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South Korea sends another USD 5 billion to Hyundai Merchant Marine

Logistic News - Published on Fri, 12 Oct 2018

Image Source: Sea News
South Korea’s Hyundai Merchant Marine 011200 -2.92% is getting about USD 5 billion in additional state funding to finance a series of new orders for megaships as the company tries to compete with bigger Asian and European rivals in a difficult container shipping market. HMM, the country’s de facto flag carrier after the collapse of Hanjin Shipping Co. in 2016, will spend $2.8 billion to buy 20 large container vessels from South Korean shipbuilders. The rest of the money will likely be used to buy container terminals, according to people involved in the matter. The state intervention to prop up the struggling container ship operator reflects the willingness of Asian governments to stand behind national carriers that move billions worth of exports to Western markets and the local shipyards that build their vessels.

The financing was partly arranged by Korea Ocean Business Corp., a government body established in July to support a shipping sector that is considered critical to the country’s economy but which has been foundering since a global downturn in maritime business.

One person involved in the matter said tha t“Let’s say it’s a government investment. Korea must keep its place in global shipping. It’s a national interest issue.”

Korea’s struggling shipbuilders - Daewoo Shipbuilding & Marine Engineering Co. Samsung Heavy Industries Co. 010140 0.13% and Hyundai Heavy Industries Co. 009540 1.50% - will split a new order of 12 behemoths that can move 23,0000 containers each and another eight smaller vessels, according to the people familiar with the matter. A senior executive at one of the three yards, asking not to be named, “The order couldn’t have come at a better time. Orders have dried up and we are desperate for revenue to keep us going.”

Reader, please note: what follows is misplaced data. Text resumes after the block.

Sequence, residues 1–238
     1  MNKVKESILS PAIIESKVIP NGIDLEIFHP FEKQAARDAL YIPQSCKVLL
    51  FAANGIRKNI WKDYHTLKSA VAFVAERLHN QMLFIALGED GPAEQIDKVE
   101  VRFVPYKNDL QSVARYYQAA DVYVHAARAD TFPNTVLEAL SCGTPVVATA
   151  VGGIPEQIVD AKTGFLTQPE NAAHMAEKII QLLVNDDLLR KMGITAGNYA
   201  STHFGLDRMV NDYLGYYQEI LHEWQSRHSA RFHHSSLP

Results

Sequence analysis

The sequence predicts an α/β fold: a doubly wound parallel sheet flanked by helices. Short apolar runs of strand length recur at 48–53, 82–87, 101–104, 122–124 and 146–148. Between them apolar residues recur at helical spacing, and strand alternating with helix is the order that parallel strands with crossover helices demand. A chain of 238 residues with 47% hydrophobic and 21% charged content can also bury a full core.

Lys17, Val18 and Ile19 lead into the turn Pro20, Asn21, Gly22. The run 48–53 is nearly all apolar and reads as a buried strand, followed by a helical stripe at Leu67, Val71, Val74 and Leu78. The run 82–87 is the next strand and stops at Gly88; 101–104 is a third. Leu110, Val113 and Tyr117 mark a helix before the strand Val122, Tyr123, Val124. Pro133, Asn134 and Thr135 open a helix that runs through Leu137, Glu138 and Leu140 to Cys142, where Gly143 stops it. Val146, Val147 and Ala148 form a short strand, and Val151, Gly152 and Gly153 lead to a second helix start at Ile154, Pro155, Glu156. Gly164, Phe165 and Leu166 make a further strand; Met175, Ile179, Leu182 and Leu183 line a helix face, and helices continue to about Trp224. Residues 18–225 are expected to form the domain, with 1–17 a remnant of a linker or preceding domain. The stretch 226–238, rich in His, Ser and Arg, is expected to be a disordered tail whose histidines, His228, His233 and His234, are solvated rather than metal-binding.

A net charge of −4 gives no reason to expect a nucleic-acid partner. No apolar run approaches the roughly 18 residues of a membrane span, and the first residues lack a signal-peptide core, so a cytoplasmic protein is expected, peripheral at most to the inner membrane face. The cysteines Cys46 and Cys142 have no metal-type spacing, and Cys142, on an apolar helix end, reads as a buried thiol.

HMM controls 1.8% of the global container capacity, while the world’s top five container operators hold a combined 65% share of the market. It narrowly escaped default last year with a USD 660 billion state bailout and has been losing money for years.

Similar bailout packages have been arranged over the years for the shipbuilders.

The state aid has infuriated European shipowners, who are asking the European Union to take punitive measures against Seoul to end what they call “unfair trade practices.”

Container ships, move USD 4 trillion worth of manufactured good a year, but industry operators have been weighed down by a glut of ships in the water and below-cost freight rates, pushing most companies into deep losses and some, like Hanjin, out of business.

The European Community Shipowners’ Association, a trade body representing most owners across Europe, said the bailouts distort markets and add to global overcapacity. “Part of this plan is also to secure stable cargoes for Korean-flagged vessels, which is a flag reservation of a particularly protectionist character,” said Martin Dorsman, ECSA’s, secretary-general.

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Posted By : Joykumar Irom on Fri, 12 Oct 2018
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